De weg van Vlaamse 'daders' naar de Gestapo. De tolken van de Antwerpse Sipo-SD


  • Robby Van Eetvelde



Second World War, National Socialism


Flemish Collaborators and their Route to the Gestapo. The Translators of the Sipo-SD in Antwerp
During the Second World War, Nazi-Germany used the Geheime Staatspolizei (Gestapo) in its occupied territories and at the home front to maintain order and execute the racial policy of the regime. With a head office in Brussels and branches in Antwerp, Ghent, Liège and Charleroi, the Gestapo was also present in military occupied Belgium. The German agents were not completely up to their task. They lacked the knowledge of the regional languages and circumstances. The help of the local Belgian populace was therefore a necessity. What motivated these men to collaborate so assiduously with the German occupier?


This research is based on the postwar criminal case files, compiled by the military courts in the context of the prosecution of those who collaborated. Several biographies of Flemish collaborators with the Gestapo office in Antwerp have been reconstructed. In this way, four major motivational groups can be distinguished: opportunists, ideological perpetrators, ‘traditional’ collaborators and former members of the resistance. Contrary to existing research into similar groups of men, financial or material gain was not their primary motive. Various psychological factors played a greater role.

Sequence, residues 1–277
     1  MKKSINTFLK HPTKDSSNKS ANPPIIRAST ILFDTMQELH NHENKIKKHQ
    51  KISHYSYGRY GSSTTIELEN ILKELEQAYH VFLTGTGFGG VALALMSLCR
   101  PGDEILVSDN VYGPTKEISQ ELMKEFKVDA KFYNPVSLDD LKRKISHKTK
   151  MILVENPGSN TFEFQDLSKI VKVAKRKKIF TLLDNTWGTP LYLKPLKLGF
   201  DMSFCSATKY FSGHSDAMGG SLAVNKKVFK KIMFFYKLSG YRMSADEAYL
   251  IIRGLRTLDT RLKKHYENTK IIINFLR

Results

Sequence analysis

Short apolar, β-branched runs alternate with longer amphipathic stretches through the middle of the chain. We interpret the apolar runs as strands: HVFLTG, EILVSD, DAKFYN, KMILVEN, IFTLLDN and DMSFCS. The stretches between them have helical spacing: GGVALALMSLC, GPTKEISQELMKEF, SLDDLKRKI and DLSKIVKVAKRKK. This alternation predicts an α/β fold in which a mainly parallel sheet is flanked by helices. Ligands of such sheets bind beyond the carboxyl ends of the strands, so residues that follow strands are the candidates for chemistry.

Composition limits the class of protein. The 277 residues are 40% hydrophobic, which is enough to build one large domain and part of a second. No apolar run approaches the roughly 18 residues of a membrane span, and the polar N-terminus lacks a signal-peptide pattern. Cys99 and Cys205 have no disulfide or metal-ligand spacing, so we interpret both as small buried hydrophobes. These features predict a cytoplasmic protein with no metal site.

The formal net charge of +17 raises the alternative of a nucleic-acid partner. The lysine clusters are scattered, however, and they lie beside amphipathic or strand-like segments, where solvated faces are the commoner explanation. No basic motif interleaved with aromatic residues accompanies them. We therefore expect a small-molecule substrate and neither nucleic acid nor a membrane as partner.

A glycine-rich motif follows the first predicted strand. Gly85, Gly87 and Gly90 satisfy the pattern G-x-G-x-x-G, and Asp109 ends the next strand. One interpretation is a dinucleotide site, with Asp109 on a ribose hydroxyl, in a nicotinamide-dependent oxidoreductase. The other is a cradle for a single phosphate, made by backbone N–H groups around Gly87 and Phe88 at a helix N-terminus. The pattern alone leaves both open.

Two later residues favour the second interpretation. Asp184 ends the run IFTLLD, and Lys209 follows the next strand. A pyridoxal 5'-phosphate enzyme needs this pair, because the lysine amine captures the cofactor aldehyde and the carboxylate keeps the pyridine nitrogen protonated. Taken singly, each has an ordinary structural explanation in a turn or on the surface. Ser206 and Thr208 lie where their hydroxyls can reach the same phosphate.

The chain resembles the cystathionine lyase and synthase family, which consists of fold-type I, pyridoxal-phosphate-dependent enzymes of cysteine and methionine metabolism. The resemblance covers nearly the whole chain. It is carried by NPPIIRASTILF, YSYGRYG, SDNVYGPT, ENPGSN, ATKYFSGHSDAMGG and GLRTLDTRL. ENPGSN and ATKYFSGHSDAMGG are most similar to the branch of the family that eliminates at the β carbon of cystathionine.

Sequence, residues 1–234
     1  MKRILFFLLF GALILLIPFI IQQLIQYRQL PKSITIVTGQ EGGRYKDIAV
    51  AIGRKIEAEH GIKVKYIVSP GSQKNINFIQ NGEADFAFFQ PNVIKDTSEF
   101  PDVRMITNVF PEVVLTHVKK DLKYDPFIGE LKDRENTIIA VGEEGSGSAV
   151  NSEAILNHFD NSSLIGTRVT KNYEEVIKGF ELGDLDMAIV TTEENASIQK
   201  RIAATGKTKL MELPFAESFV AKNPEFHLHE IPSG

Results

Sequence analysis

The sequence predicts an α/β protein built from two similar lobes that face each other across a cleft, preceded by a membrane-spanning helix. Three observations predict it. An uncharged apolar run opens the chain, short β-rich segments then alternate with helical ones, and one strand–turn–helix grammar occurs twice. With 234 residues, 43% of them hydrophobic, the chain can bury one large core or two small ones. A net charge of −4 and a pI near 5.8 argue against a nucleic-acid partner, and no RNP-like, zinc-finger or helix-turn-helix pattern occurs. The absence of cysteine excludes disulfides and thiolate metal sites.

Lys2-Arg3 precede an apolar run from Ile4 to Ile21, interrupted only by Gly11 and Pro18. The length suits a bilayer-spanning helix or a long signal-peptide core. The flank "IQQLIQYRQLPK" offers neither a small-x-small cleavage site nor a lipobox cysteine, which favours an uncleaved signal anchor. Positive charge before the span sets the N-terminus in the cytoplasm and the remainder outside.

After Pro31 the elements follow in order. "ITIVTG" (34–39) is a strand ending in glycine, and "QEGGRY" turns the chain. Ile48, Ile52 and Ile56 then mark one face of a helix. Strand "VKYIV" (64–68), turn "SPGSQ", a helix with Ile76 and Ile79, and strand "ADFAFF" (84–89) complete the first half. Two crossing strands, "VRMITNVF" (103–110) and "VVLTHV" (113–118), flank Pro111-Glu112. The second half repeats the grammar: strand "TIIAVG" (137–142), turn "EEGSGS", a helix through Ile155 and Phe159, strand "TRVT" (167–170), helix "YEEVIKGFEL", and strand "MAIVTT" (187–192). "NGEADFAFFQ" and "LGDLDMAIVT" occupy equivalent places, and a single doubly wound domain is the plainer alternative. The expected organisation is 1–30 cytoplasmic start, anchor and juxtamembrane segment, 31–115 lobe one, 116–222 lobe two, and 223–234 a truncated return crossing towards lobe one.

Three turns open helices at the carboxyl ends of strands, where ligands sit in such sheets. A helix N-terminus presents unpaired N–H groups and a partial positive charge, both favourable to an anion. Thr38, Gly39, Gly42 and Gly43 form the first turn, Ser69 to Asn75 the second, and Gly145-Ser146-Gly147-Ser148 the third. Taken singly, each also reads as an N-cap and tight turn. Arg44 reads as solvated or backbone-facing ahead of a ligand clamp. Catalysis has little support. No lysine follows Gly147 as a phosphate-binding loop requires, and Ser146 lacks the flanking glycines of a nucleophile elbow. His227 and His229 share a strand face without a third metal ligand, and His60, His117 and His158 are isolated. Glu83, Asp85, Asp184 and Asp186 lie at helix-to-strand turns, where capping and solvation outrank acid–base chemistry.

This article is part of the special issue 'A New Historiography of the Collaboration'.


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How to Cite

Eetvelde, R. V. (2009). De weg van Vlaamse ’daders’ naar de Gestapo. De tolken van de Antwerpse Sipo-SD. BMGN - Low Countries Historical Review, 124(3), 349–367.